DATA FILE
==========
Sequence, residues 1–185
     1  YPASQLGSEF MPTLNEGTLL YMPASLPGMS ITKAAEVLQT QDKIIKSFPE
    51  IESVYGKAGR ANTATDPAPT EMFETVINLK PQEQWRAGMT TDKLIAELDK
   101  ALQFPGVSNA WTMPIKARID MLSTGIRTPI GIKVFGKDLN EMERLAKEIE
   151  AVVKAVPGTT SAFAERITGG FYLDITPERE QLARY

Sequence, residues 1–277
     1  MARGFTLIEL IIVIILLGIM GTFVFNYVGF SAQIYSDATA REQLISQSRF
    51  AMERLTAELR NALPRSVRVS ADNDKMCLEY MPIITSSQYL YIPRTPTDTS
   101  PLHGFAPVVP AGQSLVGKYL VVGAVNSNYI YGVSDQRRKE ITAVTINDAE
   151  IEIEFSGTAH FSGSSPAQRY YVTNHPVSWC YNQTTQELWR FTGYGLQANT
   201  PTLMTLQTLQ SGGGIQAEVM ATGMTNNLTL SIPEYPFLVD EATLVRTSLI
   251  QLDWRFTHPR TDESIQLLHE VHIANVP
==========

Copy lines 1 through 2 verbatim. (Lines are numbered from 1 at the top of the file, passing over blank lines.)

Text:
Sequence, residues 1–185
     1  YPASQLGSEF MPTLNEGTLL YMPASLPGMS ITKAAEVLQT QDKIIKSFPE